“When someone demands to know how we are going to replace newspapers, they are really demanding to be told that we are not living through a revolution. They are demanding to be told that old systems won’t break before new systems are in place. They are demanding to be told that ancient social bargains aren’t in peril, that core institutions will be spared, that new methods of spreading information will improve previous practice rather than upending it. They are demanding to be lied to.”
The above quote from Clay Shirky, in my mind, perfectly encapsulates the fear inherent in business models effected by the internet, social media and new methods of information distribution.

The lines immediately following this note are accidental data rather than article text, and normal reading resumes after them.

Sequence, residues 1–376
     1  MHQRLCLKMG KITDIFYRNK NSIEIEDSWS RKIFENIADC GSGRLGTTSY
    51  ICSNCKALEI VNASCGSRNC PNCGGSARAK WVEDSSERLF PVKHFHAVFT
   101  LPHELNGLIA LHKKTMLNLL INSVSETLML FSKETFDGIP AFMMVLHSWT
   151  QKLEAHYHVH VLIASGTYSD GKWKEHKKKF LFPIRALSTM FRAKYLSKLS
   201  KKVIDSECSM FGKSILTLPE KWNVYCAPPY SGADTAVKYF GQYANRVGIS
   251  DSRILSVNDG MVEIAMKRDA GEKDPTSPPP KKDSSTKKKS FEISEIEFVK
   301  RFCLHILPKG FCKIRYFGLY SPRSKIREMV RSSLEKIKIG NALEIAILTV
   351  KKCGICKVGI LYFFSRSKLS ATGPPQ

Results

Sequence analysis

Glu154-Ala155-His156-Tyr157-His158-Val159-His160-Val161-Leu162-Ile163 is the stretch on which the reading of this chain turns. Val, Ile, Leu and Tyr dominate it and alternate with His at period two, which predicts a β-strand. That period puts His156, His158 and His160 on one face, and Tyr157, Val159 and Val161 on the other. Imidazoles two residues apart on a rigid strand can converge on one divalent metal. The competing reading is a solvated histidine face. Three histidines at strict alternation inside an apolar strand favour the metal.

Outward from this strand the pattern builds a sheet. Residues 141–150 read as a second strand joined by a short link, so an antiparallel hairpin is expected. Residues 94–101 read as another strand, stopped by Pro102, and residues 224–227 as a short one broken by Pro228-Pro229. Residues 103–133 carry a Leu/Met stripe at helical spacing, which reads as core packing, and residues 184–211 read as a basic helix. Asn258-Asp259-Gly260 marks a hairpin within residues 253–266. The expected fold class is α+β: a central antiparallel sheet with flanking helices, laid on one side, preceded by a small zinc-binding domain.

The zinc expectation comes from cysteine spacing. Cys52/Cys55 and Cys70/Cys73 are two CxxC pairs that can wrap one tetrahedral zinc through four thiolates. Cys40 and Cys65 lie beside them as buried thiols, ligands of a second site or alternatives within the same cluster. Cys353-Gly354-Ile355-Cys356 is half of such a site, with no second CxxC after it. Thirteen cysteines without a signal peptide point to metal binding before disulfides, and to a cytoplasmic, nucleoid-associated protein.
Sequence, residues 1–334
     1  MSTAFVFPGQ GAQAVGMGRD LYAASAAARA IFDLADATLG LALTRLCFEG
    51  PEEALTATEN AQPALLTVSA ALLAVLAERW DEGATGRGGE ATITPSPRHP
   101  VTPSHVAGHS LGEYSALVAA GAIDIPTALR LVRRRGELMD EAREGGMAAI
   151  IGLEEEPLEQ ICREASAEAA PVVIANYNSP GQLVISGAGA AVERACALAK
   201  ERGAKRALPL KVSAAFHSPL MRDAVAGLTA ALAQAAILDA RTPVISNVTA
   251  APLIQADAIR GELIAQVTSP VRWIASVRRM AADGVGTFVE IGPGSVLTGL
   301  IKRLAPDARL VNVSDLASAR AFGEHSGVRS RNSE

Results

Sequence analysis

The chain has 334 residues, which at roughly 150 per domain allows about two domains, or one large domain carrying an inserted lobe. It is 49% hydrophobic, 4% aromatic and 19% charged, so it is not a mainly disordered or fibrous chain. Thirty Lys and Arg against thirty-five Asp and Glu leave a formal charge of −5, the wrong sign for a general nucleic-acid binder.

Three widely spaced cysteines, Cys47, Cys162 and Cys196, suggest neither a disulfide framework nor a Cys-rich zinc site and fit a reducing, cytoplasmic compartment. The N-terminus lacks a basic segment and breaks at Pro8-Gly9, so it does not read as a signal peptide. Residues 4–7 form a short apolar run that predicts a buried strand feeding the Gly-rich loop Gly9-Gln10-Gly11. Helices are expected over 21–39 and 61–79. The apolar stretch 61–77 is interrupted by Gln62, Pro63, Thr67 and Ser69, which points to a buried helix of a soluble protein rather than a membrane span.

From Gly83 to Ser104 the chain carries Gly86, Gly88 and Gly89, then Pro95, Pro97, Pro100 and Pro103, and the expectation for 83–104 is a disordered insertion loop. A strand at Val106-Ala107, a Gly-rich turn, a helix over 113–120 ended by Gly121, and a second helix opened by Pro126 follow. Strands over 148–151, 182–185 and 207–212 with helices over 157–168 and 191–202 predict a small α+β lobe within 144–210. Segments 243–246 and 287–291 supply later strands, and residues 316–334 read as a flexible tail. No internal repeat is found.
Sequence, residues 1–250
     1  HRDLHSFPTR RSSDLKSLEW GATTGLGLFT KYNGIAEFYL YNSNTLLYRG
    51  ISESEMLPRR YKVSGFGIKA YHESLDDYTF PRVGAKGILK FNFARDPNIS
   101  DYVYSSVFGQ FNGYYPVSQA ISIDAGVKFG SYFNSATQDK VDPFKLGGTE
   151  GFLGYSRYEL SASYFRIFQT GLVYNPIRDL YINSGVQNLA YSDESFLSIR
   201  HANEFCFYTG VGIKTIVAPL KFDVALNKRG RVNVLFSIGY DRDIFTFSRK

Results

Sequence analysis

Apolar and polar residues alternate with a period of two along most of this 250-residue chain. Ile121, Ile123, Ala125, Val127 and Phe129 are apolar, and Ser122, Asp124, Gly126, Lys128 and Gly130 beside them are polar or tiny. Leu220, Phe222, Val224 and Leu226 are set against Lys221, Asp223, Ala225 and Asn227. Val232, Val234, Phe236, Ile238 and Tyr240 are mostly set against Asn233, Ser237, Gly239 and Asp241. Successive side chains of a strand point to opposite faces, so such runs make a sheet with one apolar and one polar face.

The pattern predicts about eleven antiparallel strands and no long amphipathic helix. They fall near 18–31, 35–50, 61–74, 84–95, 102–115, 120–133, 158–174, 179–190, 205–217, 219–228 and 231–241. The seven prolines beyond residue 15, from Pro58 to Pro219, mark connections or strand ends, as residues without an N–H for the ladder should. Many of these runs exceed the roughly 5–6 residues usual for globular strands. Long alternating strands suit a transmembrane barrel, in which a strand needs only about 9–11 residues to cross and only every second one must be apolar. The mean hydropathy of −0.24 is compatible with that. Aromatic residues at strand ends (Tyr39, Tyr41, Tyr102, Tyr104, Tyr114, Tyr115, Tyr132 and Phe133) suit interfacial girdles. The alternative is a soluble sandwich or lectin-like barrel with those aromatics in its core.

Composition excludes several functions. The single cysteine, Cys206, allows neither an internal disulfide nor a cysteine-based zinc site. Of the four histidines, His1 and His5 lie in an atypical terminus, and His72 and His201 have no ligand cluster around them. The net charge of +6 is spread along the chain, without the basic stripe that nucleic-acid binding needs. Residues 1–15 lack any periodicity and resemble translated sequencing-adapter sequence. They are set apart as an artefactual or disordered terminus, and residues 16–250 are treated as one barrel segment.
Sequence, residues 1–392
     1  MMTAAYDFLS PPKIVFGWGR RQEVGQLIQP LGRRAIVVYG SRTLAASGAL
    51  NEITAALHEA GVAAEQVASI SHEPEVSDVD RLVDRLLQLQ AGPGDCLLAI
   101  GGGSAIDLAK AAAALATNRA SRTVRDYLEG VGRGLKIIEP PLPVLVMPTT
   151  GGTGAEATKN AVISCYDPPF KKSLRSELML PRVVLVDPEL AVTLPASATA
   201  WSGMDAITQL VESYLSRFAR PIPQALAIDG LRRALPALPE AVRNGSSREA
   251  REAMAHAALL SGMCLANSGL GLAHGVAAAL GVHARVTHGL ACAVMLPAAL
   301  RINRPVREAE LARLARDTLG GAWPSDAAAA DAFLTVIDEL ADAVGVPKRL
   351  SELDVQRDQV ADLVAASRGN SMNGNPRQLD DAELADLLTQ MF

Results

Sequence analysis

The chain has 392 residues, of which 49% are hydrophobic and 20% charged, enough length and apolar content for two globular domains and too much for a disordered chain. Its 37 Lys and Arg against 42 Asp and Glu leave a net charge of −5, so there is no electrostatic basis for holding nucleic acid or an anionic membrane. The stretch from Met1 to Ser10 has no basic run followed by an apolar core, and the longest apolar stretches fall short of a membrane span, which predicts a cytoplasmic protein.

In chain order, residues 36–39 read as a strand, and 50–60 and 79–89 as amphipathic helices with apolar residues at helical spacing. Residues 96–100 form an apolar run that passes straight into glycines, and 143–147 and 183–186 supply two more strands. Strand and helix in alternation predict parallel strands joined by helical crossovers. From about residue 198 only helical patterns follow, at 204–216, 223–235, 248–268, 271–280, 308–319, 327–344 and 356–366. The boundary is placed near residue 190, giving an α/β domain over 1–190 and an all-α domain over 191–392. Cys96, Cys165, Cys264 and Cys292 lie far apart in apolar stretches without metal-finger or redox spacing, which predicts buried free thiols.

And it fits perfectly for music – specifically the line “They are demanding to be told that old systems won’t break before new systems are in place.” If the 10 years (!) since Napster has taught has anything, it’s that even the smartest (cough *Snocap* cough), best funded (cough *SpiralFrog* cough) and even most popular (COUGH *myspace* COUGH) music services/systems invented don’t cut it during a revolution. And they certainly can’t “replace” music sales.
Nothing is sacred.
So what to do? Try. Measure. Optimize. Fail. Try again. Same as it ever was.